Arkansas shot 36.9% (24 of 65) in a 60-57 loss at LSU; 33.9% (19 of 56) in a 72-59 loss at Auburn; 36.7% (18 of 49) in a 75-57 loss at Tennessee; and 35.7% (25-70) in an 88-79 loss to Kentucky in Walton Arena.

Good answer

Connecticut Coach Dan Hurley led the Huskies to their first NCAA Tournament Elite Eight appearance since 2014 with his father, Bob, a legendary high school in New Jersey, and his brother Bobby, the former Duke and NBA point guard who is now Arizona State’s coach, in the stands cheering him on.

Hurley’s son, Andrew, played the final 1:23 of the game with the Huskies having a big lead.

P.J. Carlesimo, who was Dan Hurley’s college coach at Seton Hall, also was on press row as a radio analyst.

The gathering caused a reporter to ask Hurley if it would rank among the best days in his life?

“Best day of my life was when I met my wife Andrea and got married,” Hurley said. “I’ve obviously got to say that.

“But I actually mean it. Some men wouldn’t mean that. I mean it.

“I would just say, basketball for me, as a player, it wasn’t a joyride. My career, fired at Rutgers as an assistant, high school coach for nine years, had to prove myself at every level.

“And I’m proud of the way that my career has unfolded where I’ve had to prove myself at every level I’ve coached at.”

Most-lopsided NCAA Tournament losses

The Razorbacks’ 23-point loss to Connecticut was their fifth-most lopsided in NCAA Tournament play.

Arkansas’ worst NCAA Tournament loss was by 35 points, 97-62, to Oscar Robertson and Cincinnati in 1958.

There also were losses by 31 points to North Carolina, 108-77, in 2008; by 27 points to Oklahoma State, 68-41, in 1945; and by 25 points to Oklahoma State, 65-40, in 1958.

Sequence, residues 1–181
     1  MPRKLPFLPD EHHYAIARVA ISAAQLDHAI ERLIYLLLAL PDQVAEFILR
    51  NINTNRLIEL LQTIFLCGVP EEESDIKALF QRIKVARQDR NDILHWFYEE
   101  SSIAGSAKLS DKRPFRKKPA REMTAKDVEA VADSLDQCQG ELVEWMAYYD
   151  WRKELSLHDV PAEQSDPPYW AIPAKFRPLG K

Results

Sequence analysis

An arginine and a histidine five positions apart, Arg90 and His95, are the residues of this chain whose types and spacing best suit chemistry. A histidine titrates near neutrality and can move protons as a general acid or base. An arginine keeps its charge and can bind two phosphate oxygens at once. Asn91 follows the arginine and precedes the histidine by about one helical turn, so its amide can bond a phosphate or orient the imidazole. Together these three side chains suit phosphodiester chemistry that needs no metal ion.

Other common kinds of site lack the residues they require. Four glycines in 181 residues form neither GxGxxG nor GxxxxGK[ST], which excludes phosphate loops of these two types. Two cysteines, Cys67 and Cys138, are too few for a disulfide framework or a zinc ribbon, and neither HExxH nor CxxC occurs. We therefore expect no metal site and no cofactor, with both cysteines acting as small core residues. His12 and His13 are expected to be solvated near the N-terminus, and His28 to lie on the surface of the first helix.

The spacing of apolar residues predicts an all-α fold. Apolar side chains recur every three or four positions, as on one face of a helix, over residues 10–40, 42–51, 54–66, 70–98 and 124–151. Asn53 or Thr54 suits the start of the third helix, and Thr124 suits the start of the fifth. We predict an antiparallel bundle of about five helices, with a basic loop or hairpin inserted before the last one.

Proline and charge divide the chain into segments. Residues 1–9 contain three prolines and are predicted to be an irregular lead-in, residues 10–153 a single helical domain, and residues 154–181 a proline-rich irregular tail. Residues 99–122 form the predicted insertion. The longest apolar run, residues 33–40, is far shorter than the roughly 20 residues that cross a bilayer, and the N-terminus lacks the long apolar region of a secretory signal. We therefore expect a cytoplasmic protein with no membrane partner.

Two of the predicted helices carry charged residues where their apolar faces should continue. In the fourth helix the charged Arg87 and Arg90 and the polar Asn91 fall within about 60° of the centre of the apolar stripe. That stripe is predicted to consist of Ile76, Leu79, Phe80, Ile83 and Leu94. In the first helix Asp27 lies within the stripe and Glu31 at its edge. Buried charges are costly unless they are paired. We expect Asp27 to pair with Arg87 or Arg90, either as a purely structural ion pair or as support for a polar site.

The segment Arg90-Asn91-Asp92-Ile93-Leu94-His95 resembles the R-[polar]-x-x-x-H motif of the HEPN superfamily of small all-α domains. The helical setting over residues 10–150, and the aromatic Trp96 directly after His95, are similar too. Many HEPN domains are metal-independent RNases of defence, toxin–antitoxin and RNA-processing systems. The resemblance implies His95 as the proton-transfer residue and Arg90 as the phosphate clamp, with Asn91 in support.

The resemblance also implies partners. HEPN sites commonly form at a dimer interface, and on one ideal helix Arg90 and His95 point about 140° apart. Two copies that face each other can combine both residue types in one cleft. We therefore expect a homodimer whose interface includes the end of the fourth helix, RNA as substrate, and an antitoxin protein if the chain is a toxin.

NCAA Field

Thursday night marked the 20th time in 36 games the Razorbacks played a team that made the NCAA Tournament field, including their three games in the Big Dance against Illinois, Kansas and Connecticut.

The Razorbacks finished the season 8-12 against NCAA Tournament teams.

Connecticut improved to 9-6 against NCAA Tournament teams.

Beating SEC

Connecticut improved to 3-0 against SEC teams this season.

The Huskies beat Alabama 82-67 in Portland, Ore., and won 75-54 at Florida.

Arkansas went 0-2 against Big East teams. Including the Razorbacks’ being beaten by Connecticut, they lost to Creighton 90-87 at the Maui Invitational.

Musselman in Big Dance

Arkansas Coach Eric Musselman fell to 10-6 in NCAA Tournament games, including 8-3 with the Razorbacks.

This was the fourth time in the last five times the NCAA Tournament was held that a Musselman-coached team advanced to the Sweet 16. His Nevada team made it in 2018 and this was the third consecutive Sweet 16 appearance for Arkansas.

The NCAA Tournament was canceled in 2020 because of the coronavirus pandemic.

Connecticut series

Arkansas fell to 1-4 all-time against Connecticut and played the Huskies in a postseason game for the second time, though Thursday’s night’s matchup was on a much bigger stage.

The first time the Razorbacks played the Huskies was in the third-place game of the 1997 NIT. The game tipped off in the late afternoon and had an attendance of perhaps 500 in Madison Square Garden as Connecticut won 74-64.

In three regular-season meetings since then the Huskies won 77-68 in Maui in 2005 and 75-62 in Hartford, Conn., in 2006, and the Razorbacks won 102-67 in Portland, Ore., in 2017.

Commish in the house

SEC Commissioner Greg Sankey was on press row for the Arkansas-Connecticut game.

Arkansas was among three SEC teams to advance to the Sweet 16 along with Alabama — the NCAA Tournament’s No. 1 overall seed — and Tennessee, which lost Thursday night to Florida Atlantic.